Will Zardari pull it off in Sindh?
The PPP will have to pull its socks up as it faces unprecedented difficulties. The charisma of the Bhuttos seems to have started fading away in Sindh. The generation of voters that has not seen Zulfikar Ali Bhutto, or his daughter Benazir Bhutto, is beginning to ask questions.
By: Mohammad Hussain Khan
By all accounts, former president Asif Ali Zardari is one of the shrewdest politicians of the country. That is why he has been working on a strategy to win Sindh for the Pakistan Peoples Party (PPP) for some time now. But all the wisdom and tact in the world does not seem to be enough — at least for now.
The PPP formed the government in 2008 following Benazir Bhutto’s assassination in December 2007. Since then, the party has completed two successive five-year constitutional terms as masters in the province.
Moving the pieces
Zardari acted swiftly and with precision as he welcomed former foes in the party again. Influential politicians from the Pakistan Muslim League-Nawaz (PML-N), PML-Functional (PML-F) and Pakistan Tehreek-i-Insaf (PTI) have found themselves in the red, black and green of the PPP.
The Arbabs of Tharparkar have been divided, and influential politicians of the province — ex-members of provincial assemblies — Imtiaz Shaikh of Shikarpur, Jam Madad Ali Khan from Sanghar and Mohammad Ali Shah Jamote of Matiari have all said goodbye to the PML-F. Ismail Rahu — a PML-N loyalist until recently — has also joined the PPP, and so have members of the Mahars in Ghotki.
Jami Chandio, a political analyst.
The most surprising, even for PPP workers, is the re-induction of Thatta’s Shirazis — who had left the PPP at the last minute before the 2013 polls. Hala’s Makhdooms have also decided to stay with the party amidst rumours that they would be jumping ship. However, it seems all is still not well between the Makhdooms and the PPP. Makhdoom Jamiluzzaman, who is the spiritual head of Sarwari Jamaat, and his son Makhdoom Mahboob Zaman (both poll candidates) were conspicuous by their absence on July 3 when Bilawal Bhutto-Zardari reached Hala, PPP’s birthplace, to lead the party’s election campaign.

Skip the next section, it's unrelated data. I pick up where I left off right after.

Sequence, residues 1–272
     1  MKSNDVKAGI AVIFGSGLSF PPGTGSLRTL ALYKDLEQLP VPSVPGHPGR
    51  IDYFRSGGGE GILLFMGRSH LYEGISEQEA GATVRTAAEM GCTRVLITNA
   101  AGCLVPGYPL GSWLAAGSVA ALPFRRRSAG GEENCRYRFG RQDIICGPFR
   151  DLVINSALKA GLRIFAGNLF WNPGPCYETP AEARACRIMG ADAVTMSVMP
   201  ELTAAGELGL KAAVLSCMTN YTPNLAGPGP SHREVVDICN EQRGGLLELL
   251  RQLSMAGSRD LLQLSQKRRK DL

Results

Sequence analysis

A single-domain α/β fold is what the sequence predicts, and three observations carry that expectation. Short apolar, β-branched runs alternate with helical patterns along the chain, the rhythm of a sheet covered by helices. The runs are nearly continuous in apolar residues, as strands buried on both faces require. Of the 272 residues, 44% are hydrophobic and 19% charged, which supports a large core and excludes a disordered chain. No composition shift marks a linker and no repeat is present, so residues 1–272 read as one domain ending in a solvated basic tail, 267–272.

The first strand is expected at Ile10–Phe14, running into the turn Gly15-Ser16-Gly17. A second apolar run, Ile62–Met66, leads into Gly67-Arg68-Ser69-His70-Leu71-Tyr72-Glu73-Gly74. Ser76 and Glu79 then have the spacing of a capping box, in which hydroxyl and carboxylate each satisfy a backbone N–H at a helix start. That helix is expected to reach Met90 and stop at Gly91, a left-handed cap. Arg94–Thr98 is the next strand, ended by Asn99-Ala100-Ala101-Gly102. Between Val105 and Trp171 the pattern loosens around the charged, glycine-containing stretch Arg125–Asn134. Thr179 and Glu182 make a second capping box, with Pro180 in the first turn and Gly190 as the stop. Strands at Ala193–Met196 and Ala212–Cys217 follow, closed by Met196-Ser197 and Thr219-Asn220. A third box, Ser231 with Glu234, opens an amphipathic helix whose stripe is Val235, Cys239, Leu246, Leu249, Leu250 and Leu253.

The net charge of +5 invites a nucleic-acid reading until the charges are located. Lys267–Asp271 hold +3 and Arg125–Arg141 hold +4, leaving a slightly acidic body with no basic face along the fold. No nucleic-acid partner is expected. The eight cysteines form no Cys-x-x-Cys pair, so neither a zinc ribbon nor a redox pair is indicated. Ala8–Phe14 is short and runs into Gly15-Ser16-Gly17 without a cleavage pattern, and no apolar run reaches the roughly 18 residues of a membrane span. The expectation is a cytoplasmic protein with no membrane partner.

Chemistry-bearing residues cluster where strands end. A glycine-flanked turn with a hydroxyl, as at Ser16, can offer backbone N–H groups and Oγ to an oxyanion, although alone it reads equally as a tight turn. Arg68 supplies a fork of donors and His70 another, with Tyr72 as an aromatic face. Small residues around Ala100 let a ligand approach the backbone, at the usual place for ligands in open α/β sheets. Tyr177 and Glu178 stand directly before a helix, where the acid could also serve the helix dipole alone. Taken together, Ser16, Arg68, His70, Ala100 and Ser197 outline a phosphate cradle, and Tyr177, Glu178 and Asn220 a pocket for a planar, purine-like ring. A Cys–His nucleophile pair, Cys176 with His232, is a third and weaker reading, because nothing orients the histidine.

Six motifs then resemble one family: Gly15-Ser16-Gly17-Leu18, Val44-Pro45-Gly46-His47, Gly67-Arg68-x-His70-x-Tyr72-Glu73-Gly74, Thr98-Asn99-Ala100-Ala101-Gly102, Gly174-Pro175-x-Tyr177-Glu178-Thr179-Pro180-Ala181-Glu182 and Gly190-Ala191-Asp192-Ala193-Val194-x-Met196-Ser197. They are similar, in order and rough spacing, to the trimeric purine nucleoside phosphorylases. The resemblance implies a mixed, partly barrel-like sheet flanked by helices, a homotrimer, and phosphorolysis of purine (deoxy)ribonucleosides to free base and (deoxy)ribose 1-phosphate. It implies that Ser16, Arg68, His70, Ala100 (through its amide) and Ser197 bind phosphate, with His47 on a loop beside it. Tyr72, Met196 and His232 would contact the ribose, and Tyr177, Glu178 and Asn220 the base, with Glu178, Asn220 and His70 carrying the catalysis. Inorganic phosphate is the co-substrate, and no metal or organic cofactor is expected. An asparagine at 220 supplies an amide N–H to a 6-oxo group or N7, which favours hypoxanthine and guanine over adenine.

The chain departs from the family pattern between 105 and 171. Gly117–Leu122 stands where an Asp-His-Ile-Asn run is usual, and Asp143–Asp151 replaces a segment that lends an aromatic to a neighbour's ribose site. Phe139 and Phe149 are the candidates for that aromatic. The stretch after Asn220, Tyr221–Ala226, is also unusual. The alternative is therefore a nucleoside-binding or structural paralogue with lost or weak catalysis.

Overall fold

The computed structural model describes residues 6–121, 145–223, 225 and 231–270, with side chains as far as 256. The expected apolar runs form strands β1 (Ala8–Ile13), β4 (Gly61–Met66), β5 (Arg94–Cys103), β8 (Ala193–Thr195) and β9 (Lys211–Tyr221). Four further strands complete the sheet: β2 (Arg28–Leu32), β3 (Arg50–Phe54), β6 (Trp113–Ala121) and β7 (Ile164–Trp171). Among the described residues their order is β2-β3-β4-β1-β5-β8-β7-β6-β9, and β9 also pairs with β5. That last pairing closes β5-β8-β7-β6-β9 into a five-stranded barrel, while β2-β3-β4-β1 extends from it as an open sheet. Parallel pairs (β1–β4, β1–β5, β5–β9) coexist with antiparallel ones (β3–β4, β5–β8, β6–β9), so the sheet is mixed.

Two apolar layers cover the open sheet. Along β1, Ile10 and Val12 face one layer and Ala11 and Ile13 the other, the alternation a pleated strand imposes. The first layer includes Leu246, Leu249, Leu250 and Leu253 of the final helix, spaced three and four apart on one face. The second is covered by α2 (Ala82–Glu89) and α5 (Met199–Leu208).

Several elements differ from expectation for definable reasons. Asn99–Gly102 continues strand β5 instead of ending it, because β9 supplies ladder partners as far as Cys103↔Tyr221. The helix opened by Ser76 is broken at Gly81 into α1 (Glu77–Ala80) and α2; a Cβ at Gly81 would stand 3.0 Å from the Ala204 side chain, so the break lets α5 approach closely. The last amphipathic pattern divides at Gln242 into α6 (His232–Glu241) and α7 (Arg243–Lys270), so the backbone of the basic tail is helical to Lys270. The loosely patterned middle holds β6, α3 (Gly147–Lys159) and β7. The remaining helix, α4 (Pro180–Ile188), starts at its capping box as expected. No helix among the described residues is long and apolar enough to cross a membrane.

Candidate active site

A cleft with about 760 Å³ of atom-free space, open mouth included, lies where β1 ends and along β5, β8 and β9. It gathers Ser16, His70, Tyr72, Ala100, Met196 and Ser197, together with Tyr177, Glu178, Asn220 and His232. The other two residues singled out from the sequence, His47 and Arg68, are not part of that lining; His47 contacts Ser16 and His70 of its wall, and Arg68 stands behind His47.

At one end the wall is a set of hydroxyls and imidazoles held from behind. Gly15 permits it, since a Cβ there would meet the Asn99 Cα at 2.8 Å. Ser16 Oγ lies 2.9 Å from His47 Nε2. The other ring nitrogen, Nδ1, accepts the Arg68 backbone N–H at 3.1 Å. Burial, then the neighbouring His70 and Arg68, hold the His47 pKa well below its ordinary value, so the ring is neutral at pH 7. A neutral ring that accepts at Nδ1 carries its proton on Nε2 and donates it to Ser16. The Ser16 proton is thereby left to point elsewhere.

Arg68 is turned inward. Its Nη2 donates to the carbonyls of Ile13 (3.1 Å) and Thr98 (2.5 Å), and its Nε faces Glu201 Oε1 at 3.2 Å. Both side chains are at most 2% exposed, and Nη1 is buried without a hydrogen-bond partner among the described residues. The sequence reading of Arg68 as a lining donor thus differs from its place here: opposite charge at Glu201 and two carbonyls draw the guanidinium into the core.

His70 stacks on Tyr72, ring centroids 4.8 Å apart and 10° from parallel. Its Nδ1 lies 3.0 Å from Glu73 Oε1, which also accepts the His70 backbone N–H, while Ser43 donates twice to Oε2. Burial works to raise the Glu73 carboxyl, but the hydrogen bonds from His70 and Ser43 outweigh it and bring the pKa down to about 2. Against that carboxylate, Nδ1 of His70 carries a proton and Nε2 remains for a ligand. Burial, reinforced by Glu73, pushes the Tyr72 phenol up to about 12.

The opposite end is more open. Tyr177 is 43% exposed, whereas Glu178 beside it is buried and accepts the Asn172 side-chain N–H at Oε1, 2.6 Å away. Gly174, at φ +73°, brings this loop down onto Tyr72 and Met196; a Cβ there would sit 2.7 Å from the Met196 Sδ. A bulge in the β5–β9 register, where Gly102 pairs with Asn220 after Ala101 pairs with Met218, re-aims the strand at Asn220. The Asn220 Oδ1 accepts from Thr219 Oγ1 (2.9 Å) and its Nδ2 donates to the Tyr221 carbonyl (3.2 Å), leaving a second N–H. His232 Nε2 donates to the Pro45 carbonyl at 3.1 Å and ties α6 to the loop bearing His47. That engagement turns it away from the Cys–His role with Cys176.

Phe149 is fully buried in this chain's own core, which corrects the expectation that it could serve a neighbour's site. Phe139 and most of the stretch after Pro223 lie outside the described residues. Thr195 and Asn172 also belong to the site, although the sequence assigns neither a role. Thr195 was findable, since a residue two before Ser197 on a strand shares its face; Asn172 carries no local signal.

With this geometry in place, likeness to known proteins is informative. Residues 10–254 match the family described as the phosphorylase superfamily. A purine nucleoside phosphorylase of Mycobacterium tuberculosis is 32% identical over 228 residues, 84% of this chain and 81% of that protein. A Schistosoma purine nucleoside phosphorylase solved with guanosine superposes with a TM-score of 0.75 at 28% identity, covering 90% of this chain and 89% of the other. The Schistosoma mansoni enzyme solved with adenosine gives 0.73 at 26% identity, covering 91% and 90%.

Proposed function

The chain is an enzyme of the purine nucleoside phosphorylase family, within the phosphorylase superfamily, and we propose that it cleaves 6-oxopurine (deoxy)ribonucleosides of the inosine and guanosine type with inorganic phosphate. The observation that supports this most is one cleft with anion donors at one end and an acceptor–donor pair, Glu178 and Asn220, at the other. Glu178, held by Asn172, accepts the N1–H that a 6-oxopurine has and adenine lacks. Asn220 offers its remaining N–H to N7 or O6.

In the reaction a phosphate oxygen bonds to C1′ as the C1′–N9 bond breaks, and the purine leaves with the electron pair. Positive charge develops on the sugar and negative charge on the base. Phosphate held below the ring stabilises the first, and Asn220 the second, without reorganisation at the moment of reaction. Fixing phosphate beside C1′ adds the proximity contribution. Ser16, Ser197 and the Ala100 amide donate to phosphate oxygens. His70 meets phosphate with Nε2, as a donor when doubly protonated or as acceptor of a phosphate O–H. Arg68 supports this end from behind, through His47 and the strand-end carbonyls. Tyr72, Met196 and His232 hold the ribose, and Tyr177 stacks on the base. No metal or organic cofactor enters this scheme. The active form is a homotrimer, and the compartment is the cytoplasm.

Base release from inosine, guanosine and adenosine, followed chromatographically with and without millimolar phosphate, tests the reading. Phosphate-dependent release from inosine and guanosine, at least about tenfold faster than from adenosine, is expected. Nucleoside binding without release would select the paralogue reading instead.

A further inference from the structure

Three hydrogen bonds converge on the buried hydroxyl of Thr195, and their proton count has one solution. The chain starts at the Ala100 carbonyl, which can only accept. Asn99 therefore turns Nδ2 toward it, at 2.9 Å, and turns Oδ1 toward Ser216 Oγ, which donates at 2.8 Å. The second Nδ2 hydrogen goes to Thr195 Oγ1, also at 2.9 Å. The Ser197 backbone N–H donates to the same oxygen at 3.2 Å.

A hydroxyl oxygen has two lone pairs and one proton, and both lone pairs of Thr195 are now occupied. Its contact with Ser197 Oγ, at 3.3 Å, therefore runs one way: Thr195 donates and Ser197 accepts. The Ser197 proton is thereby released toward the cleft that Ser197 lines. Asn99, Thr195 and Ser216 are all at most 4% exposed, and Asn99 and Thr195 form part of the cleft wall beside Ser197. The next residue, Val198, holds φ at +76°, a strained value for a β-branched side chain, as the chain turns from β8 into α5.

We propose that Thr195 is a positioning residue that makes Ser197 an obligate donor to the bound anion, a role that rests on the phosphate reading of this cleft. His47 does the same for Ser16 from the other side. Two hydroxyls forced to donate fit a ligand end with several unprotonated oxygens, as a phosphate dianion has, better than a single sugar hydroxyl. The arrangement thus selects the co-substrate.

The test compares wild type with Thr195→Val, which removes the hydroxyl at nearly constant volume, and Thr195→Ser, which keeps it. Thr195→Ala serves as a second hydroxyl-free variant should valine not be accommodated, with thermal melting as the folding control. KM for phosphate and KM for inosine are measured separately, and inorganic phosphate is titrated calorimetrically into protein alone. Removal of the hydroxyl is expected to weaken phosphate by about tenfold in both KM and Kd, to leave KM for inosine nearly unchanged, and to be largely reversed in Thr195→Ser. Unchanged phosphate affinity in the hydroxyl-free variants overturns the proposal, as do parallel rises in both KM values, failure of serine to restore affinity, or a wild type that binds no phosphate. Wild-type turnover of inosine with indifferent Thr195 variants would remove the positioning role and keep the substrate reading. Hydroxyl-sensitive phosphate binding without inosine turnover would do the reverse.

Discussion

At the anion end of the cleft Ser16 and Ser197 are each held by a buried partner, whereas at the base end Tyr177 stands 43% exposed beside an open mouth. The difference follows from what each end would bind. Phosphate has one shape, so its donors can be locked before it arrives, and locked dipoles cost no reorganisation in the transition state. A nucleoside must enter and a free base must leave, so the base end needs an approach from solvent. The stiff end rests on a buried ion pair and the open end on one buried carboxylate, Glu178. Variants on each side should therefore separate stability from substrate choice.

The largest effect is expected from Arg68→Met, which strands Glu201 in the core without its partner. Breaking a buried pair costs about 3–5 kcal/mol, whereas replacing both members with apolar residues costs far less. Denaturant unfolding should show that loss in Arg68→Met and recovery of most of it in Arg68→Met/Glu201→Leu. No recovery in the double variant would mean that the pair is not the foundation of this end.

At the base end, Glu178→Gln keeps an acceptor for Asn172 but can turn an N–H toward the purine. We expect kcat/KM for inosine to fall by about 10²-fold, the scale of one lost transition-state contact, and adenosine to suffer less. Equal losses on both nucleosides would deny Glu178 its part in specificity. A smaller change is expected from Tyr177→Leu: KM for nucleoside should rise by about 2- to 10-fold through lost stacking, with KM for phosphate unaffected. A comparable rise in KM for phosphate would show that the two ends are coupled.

Makhdoom Jamil has large spiritual following. His followers — Ghani Khoso in Tharparkar and Ali Murad Rajar in Umerkot — are contesting against the PPP. A few PPP leaders met him to seek his disciples’ support in Sanghar and Tando Allahyar constituencies but he refused, saying the PPP leadership should talk to him. Makhdoom Jamil had demanded seats in other districts for his nominees but in vain.
Despite Zardari’s ambitions and carefully crafted realpolitik, the PPP is set to have a tough time in Sindh come July. Apparently, the problem is that the party this time has to explain to its voters 10 years of arguably subpar governance in the province.
“The PPP will have to pull its socks up as it faces unprecedented difficulties. The charisma of the Bhuttos seems to have started fading away in Sindh. The generation of voters that has not seen Zulfikar Ali Bhutto, or his daughter Benazir Bhutto, is beginning to ask questions,” claims Jami Chandio, a political analyst.